For someone with celiac disease or a gluten sensitivity, dining out can be a daunting experience. Fears of cross – contaminated dishes and after – meal illnesses are always on the forefront of a celiac’s mind, leading them to say “no thanks” to restaurant invites and “yes, please” to another night in their own kitchen.
Thankfully, restaurants now more than ever understand special dietary restrictions and are happy to accommodate – with some clear guidance from customers. If you or a friend suffers from gluten intolerance, follow our guide below to master a few techniques that will help ensure your food is prepared safely the next time you're out to eat. So keep the cupboards closed and utensils in their drawers, and say hello to a new, confident way of gluten free dining.
Seek out celiac – friendly restaurants.
Thanks to growing awareness of celiac disease and gluten intolerance, more and more restaurants are catering to customers who must avoid gluten — and getting easier to find. Websites such as glutenfreerestaurants.org, operated by the Gluten Intolerance Group of North America (GIG), and glutenfreeregistry.com, provide searchable listings for restaurants all across the country that offer gluten-free options. GIG's Gluten-Free Restaurant Awareness Program2 also provides resources and training for restaurants on gluten-free cooking and serving techniques, helping to put even more restaurants on the gluten-free map. Local organizations and support groups for people with celiac disease are another terrific resource for restaurant recommendations.
Browse the menu ahead of time.
Many restaurants post their menus online, so you know what to expect even before making a reservation – check them out! If you have a mobile digital device such as an iPhone or iPad, it's even easier: You can download gluten-free menu applications that allow you to browse gluten-free offerings from hundreds of restaurant and fast-food chain menus and, in some cases, even order your meal in advance. Visit glutenfreepassport.com for more information.
Call the restaurant at an off-peak hour (usually between 3 and 5 p.m.) and ask to speak to the chef, to make sure he or she is familiar with gluten-free cooking and is able to accommodate your needs. If the chef isn't available, speak with the kitchen manager instead. Make sure you speak with those personnel who will be on duty the day you visit. They'll likely be pleased to work with you—remember, restaurants are in the business of satisfying their customers! Be polite but firm in your requests, and if you don't feel satisfied with the answers, choose another restaurant.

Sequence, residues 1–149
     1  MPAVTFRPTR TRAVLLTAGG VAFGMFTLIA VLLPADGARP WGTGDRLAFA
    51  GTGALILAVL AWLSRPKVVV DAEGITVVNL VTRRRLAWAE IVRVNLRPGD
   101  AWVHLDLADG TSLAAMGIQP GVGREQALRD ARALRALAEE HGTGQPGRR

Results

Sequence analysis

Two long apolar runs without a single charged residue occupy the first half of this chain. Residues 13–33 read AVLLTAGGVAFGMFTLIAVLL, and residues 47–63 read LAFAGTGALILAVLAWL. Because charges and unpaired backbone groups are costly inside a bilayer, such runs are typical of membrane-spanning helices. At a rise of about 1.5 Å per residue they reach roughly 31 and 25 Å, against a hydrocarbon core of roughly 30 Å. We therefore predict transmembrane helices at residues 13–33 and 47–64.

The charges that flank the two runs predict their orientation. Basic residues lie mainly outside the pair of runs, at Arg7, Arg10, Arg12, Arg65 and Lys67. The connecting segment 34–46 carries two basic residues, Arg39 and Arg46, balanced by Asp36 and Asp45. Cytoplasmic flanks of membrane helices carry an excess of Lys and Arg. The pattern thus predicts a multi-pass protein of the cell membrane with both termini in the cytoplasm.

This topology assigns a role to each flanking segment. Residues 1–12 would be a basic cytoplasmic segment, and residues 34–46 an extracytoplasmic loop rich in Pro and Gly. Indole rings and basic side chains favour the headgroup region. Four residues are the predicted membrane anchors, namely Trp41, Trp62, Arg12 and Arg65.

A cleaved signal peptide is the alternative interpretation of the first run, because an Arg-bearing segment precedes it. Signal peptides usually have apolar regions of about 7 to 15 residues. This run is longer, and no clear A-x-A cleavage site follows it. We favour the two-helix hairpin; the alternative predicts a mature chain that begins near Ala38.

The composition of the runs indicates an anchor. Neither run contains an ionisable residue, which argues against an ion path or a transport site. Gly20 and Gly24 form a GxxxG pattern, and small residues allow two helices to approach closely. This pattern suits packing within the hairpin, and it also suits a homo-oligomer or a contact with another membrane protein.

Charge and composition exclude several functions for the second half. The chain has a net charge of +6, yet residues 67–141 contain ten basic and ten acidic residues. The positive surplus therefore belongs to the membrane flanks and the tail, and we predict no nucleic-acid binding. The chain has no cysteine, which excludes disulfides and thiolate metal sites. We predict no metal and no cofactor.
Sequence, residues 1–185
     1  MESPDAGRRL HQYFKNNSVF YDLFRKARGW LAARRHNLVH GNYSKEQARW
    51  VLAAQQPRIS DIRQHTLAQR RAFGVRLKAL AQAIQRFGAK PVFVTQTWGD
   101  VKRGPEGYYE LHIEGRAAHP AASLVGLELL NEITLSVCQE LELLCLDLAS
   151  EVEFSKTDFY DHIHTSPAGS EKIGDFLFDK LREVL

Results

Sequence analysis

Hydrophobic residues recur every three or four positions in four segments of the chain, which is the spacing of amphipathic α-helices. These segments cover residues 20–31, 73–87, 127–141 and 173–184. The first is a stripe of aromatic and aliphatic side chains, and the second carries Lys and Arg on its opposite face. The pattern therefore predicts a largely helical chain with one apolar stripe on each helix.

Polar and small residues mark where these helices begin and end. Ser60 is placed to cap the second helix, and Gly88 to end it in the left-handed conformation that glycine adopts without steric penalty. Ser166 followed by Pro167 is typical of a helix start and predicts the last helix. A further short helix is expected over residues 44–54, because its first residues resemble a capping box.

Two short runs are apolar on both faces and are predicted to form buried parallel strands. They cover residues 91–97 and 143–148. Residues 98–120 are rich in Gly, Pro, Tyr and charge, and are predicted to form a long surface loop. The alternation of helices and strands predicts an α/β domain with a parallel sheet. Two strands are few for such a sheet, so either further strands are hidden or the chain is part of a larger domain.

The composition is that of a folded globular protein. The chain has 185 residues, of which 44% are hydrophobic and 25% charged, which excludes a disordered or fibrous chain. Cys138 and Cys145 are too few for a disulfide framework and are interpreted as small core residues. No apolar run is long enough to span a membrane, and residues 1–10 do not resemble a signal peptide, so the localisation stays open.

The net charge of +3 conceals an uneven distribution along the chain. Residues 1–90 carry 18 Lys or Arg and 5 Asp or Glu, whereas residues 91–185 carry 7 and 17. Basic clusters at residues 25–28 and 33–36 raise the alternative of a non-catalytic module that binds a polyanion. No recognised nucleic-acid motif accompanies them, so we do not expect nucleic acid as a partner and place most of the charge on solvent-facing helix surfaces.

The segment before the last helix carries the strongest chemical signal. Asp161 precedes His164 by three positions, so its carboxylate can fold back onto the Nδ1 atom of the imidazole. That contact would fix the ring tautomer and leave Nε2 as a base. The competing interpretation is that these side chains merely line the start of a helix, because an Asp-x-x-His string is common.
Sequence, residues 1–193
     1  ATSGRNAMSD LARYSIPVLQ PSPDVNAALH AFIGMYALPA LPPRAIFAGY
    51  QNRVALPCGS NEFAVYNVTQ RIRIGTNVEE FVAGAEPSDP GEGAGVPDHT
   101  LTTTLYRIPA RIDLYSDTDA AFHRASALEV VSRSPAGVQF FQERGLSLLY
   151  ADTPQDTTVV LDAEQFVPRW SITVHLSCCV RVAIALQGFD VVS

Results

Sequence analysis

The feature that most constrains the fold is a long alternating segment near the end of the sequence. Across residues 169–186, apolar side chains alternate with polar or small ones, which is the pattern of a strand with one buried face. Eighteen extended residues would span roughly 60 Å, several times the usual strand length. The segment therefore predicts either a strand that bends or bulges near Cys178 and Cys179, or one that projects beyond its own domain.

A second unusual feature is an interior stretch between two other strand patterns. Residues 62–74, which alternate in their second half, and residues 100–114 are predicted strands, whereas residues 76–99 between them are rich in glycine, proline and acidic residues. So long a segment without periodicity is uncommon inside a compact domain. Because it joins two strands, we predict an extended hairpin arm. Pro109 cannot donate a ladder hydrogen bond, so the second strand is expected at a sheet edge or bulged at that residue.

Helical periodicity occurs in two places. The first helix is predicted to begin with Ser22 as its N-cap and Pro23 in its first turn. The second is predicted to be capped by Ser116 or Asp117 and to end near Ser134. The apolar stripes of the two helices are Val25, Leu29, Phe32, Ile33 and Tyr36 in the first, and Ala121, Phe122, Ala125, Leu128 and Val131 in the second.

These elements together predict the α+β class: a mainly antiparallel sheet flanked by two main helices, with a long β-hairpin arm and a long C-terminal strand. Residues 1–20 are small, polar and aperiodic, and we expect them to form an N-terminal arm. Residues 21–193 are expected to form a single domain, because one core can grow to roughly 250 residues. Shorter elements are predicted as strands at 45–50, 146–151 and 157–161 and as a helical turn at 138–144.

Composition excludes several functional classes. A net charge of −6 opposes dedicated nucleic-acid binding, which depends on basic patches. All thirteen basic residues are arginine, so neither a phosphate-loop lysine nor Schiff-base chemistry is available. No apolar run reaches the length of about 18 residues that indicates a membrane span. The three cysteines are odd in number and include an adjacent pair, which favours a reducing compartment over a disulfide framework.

Avoid coming during rush hours.
Try to schedule your visit when the restaurant isn't overly busy. Your server will have more time to answer questions and the kitchen will be calmer and better able to handle a special request. Leave plenty of time for your visit, too, expecting that it will take the kitchen a little longer to prepare your meal. Once you arrive at the restaurant, check in with the chef or kitchen manager again to reconfirm that you'll be having a gluten-free meal. Check with your waiter to make sure he or she understands that your meal must not come in contact with other people's dishes.
Bring a card - and a script.
Bring a few key pieces of information about what you can and cannot eat, to inform the kitchen and wait staff. Several organizations produce helpful wallet – size cards for this purpose; some are available in different languages to use when traveling abroad. Good examples can be found at Triumph Dining or the Celiac Traveler. It's also a good idea to have a quick speech at the ready that explains your needs in a few sentences—for example, that you're on a special diet because you will become very sick if you eat anything made with flour, bread, or soy sauce, or if your food touches anything that has been in contact with those items. Prepare to give it more than once.
Be clear - and flexible - when you order.
Ask your waitperson to stand next to you while you order, so you can have your questions easily heard and answered. If anything's unclear about a food's preparation, don't hesitate to find out. Questions such as "Does the salad have croutons?" "Is the marinade made with soy sauce?" or "Are the potatoes fried in the same oil as other, breaded foods?" can spell the difference between a delicious dinner or a disaster! See "Best Bets," [below], for tips on what to order. In general, the simplest (unsauced, unstuffed, uncoated) preparations are usually the safest. Keep in mind that you might not be able to order your first choice, so have a back – up order just in case. When in doubt, go without! Chances are you'll find at least a few satisfying options on any menu, but if you don't, leave and try another restaurant.
Become a regular.
Once you've found a restaurant you like, visit regularly so that you're well acquainted with the menu and have some safe meals you can always order. Become familiar with the host so you are recognized when you visit and your needs can be accommodated more readily. Likewise, if you have a good experience with a waitperson who safely handled your gluten-free meal, request that person on your next visit.
Vote with your fork.
The best way to ensure that more restaurants offer gluten-free choices is to give your business to the ones that do. If a restaurant has gone out of its way to be accommodating to people with special dietary needs, be sure to let them know you appreciate it. Take the time to thank (and tip) your server and host and make a point of telling your friends and family about your great experience. Lastly, don't forget make a date to visit again!